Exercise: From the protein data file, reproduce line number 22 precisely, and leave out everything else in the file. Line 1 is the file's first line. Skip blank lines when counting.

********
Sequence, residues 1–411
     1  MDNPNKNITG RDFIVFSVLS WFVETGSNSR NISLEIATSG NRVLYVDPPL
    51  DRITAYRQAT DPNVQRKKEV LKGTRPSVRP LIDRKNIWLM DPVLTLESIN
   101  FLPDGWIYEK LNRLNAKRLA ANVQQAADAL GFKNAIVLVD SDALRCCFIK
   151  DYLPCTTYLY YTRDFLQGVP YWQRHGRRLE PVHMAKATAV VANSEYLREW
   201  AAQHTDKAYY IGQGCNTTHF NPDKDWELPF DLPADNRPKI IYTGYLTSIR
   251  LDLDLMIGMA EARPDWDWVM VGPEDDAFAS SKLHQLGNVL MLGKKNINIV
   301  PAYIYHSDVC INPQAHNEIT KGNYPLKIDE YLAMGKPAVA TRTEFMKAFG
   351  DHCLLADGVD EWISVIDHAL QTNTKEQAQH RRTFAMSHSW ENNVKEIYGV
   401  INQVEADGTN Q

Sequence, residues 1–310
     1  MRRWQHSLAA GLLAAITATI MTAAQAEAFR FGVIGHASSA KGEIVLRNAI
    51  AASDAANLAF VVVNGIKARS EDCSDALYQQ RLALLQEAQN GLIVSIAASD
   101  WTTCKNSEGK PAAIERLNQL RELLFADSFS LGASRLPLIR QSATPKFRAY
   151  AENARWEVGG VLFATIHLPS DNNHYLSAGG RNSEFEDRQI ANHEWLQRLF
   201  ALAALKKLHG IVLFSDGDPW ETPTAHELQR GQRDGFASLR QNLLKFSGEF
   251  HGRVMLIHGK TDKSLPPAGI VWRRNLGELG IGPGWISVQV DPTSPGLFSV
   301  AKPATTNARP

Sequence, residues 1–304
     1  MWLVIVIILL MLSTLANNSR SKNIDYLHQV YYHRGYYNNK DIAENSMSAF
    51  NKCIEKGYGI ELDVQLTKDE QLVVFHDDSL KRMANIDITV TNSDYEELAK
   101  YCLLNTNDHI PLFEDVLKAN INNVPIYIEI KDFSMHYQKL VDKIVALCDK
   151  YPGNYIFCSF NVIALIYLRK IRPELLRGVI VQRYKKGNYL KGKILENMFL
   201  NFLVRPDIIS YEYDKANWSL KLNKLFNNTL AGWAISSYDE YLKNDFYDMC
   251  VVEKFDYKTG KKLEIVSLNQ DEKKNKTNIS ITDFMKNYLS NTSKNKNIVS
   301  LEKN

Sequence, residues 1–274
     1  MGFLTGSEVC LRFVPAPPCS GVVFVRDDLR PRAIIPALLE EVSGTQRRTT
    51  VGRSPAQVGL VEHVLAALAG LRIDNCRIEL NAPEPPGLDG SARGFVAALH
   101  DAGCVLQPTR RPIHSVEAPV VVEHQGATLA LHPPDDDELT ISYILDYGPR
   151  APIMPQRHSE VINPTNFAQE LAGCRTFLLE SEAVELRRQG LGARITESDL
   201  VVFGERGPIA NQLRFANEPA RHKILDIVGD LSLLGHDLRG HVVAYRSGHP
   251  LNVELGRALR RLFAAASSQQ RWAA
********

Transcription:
   101  YCLLNTNDHI PLFEDVLKAN INNVPIYIEI KDFSMHYQKL VDKIVALCDK